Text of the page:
Seemingly without effort, Zao depicted a couple cruising along the river on a boat in Lovers on a Boat. Set against a unique brown tone, the color contrast is vivid and yet placid, warm and supple, like the orange red found in sunset. He created layers upon layers of colors that penetrate the heart of the visual perspective. The heaving mountains and endless woods afar create the visual dynamic that is vast, distant, rich and lonesome. His brushstrokes are concise and unimpeded, gently depicting two lovers’ outing on a boat with the moon shining above, and giving the piece a natural and unpretentious air. Zao cleverly connected to the style of the eight lithographs from 1949 with the spritely lines, simplistic form and leisurely image, a strong personal style. Zao said to his students later, “When you begin a new painting, ideally you should not start in the middle of the canvas, because that will make it almost impossible to determine the center's relationship to the rest of the composition. Colors, too, can never be used on their own; every hue and shade is connected to all other tones. The fact is that every single brushstroke has far-reaching implications for the entire painting, and you should not apply a single fleck of paint without keeping in mind the organic whole that you are about to create. Within the momentum that connects the entire painting, seek variations in the most succinct manner.”

When Zao was invited to show his work at the Galeries Nationales du Grand Palais in 1981, the Chinese French literary critic, François Cheng said "Zao Wou-Ki's artistic fate is not merely that of the individual. It is intimately tethered to the many thousand years of evolution of Chinese painting. This fact does not diminish the value of the artist’s personal exploration, but rather, enhances the emotional force of his accomplishments. In reality, when talking about what has been gained from his works, it can be said that the century-long anticipation in Chinese painting can now be put to rest. The symbiosis between East and West that should have occurred long ago has finally appeared for the first time. When critics look back on that decisive moment in the middle of the century, when Zao Wou-ki travelled from his distant home country to live in Paris, we will appropriately refer to it as a miracle. Miraculously, he found himself immediately, and gave himself fully to his work. The depths which he has plumbed and which he has expressed even today still astonish us.”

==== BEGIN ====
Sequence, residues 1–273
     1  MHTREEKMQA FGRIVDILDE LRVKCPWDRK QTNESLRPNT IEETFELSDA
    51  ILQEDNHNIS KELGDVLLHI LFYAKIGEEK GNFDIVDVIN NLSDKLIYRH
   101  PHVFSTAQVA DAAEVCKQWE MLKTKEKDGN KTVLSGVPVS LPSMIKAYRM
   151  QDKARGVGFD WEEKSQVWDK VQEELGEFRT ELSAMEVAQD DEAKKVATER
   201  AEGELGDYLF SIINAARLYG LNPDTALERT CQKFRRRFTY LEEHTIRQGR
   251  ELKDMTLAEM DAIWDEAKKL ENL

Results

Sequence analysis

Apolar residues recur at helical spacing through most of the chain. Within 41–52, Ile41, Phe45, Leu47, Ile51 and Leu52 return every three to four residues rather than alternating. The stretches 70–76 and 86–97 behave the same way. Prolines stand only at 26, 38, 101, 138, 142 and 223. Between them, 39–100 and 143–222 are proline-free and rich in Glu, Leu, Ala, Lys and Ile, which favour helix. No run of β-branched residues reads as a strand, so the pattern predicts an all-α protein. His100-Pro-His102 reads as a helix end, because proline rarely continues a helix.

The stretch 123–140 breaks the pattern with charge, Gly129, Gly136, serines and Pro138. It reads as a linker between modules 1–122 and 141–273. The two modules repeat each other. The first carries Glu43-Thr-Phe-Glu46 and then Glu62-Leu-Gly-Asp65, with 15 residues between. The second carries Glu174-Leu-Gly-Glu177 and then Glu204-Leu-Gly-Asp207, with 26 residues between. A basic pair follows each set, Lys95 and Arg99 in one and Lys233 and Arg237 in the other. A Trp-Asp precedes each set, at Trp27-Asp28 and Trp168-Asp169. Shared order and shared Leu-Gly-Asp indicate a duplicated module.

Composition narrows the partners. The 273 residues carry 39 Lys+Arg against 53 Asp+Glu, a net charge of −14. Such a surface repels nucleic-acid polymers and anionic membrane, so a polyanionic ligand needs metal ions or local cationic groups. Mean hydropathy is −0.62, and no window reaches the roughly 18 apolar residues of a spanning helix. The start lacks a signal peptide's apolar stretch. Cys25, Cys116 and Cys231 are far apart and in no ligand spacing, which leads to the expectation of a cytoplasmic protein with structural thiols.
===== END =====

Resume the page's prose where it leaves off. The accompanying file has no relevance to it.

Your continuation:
An Artistic Giant Surging with Brilliance

French art historian, Daniel Marchesseau once remarked on Zao, “Zao Wou-Ki places nature as the central idea of his art, enabling ancient traditions to confront the art of masters from the past and present in the West. While influenced by two drastically different visualities, he was fortunate in bringing harmonious synergy between Chinese–style composition and the rich colors of the West.” He embodies the poetic soul of Eastern and Western classics. Not only did he extract the essence of Chinese culture and art, he painted Chinese artistic conception with the abstract of romance. With lyrical magnificence, he guided viewers to roam freely in the vast and primitive universe. His art is literary and poetic. His works are among the collections of prominent art museums around the world. Highly regarded in the West and in the history of modern art, where numerous talents emerged, he also enjoyed prestige in the East, which is truly well deserved.